If Wisconsin's State Natural Areas are a constellation of beautiful unplowed prairies, old-growth forests and undisturbed wetlands, then Baileys Harbor Boreal Forest is clearly among its brightest stars.
Conservation biologist Thomas Meyer oversees the DNR's State Natural Areas Program.
ABOUT STATE NATURAL AREAS
Baileys Harbor Boreal Forest in Door County is open year-round and there is no admission fee. It is one of nearly 700 State Natural Areas, which conserve a variety of native landscapes for education, research and future generations. SNAs also provide some of the best and last refuges for Wisconsin's rarest plants and animals.
This statewide system of nature preserves is the oldest in the nation, created by the Legislature in 1951, and is among the country's most successful. Wisconsin SNAs encompass more than 400,000 acres on lands owned by the DNR and many partners including land trusts, local, county and federal agencies, and private citizens.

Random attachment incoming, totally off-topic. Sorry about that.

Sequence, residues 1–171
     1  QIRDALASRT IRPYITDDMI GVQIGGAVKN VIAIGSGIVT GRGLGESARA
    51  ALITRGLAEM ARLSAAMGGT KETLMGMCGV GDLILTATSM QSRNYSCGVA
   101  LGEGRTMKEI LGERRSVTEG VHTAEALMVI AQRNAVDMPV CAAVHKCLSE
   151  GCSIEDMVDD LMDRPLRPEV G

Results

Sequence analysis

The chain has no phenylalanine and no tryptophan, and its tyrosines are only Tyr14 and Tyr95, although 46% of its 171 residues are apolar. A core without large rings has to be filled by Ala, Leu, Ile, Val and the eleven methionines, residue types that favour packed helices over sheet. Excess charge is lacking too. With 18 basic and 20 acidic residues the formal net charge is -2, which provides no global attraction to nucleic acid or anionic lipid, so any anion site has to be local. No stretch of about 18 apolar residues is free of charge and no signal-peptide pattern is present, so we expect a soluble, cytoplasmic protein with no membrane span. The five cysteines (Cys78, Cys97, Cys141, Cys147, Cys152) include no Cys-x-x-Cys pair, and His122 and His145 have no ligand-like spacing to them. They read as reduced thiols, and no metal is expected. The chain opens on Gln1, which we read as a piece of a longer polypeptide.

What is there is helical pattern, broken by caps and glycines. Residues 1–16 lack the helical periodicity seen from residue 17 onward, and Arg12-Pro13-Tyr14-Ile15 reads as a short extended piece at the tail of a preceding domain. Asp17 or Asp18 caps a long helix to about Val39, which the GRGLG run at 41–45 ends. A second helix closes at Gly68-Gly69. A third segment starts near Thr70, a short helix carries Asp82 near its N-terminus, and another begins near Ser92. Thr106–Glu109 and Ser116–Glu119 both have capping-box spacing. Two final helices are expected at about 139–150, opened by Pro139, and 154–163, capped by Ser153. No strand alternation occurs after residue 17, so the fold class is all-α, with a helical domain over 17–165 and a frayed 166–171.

Nearly all SNAs are open to the public for low-impact recreation, including hiking, nature study, cross-country skiing, hunting and fishing. Visit the DNR's State Natural Areas Program website for descriptions, access information and maps of each site.
Want to help protect Baileys Harbor Boreal Forest and other State Natural Areas and rare species? It's easy to do.
Consider purchasing an Endangered Resources license plate with either the bald eagle or timber wolf design. The $25 annual fee helps the DNR's Natural Heritage Conservation Program protect and manage SNAs and preserve rare species. Also consider donating to the NHC's Endangered Resources Fund online or on your Wisconsin state income tax form.
For details, see Wisconsin's endangered resources.